The Commune: Paris, 1871
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143 years ago today, on 18 March 1871, enormous sections of the Parisian working class began a rebellion that shook the foundations of European society. Through this uprising, laborers seized direct control over their city, expelling their government and capitalist rulers. These revolutionary men and women declared Paris an independent municipality — a commune where they would directly and collectively manage their society through new institutions and voluntary associations of their own creation, providing for their own welfare and defense.
The state, of course, had other plans — and the Commune was annihilated 71 days later in one of the deadliest campaigns in French military history, La Semaine Sanglante, “The Bloody Week,” during which over 30,000 men, women, and children were murdered for their revolutionary aspirations.
Despite the brutality of its destruction, the Paris Commune uprising is remembered as a inspirational moment to radicals and revolutionaries the world over. In the near century-and-a-half that has passed since the Commune’s destruction, Anarchists and libertarian-socialists across the generations have looked to the 1871 Paris Commune, seeking to learn from its example, both its strengths and its limitations.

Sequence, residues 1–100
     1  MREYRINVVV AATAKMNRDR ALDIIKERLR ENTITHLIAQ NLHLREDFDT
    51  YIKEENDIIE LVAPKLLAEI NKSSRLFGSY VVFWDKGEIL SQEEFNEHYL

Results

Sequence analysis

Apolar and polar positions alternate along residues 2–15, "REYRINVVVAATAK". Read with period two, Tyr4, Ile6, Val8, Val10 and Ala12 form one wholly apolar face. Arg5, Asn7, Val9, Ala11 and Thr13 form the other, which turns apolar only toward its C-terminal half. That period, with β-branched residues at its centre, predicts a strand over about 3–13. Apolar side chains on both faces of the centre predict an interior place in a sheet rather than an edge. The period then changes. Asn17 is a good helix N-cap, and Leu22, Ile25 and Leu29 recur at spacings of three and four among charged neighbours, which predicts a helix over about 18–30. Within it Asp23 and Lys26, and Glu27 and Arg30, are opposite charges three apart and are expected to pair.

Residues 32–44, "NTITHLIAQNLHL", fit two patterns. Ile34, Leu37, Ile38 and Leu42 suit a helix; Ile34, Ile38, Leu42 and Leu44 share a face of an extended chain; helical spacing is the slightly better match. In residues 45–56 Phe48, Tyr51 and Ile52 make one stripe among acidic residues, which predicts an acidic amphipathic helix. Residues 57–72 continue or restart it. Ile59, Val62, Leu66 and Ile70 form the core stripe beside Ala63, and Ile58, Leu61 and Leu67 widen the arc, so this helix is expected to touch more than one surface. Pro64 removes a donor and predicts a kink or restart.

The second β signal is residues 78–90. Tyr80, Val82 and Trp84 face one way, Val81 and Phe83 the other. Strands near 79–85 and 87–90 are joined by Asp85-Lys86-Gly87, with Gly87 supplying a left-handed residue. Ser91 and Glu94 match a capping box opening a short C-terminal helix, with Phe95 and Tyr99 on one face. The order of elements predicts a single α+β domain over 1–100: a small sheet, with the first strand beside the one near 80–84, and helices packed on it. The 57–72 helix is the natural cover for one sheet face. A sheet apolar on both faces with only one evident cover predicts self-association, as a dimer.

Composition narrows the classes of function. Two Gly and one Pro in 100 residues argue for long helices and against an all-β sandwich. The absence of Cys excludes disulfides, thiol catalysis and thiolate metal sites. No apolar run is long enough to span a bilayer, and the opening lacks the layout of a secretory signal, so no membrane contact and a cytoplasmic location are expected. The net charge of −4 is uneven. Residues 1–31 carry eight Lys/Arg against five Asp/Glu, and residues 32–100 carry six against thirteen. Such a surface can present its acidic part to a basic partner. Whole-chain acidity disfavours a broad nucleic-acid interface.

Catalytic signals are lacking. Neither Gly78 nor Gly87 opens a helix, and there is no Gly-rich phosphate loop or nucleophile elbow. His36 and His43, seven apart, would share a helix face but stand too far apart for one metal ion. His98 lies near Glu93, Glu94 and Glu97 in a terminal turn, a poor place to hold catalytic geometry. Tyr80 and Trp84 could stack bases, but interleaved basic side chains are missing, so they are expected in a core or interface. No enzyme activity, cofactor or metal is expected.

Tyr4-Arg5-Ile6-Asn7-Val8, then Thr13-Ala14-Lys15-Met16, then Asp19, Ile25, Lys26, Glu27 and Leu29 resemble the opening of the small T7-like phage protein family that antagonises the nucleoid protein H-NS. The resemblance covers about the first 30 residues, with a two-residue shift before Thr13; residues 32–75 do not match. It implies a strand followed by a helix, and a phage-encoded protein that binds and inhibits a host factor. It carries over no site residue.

The Commune: Paris, 1871 is a new collection of classic anarchist and libertarian-socialist studies of the Paris Commune, compiled, edited, and introduced by Andrew Zonneveld. This concise volume includes critical reflections on the Commune from such radical authors as Louise Michel, William Morris, Mikhail Bakunin, Petr Kropotkin, Voltairine de Cleyre, Alexander Berkman and Maurice Brinton.
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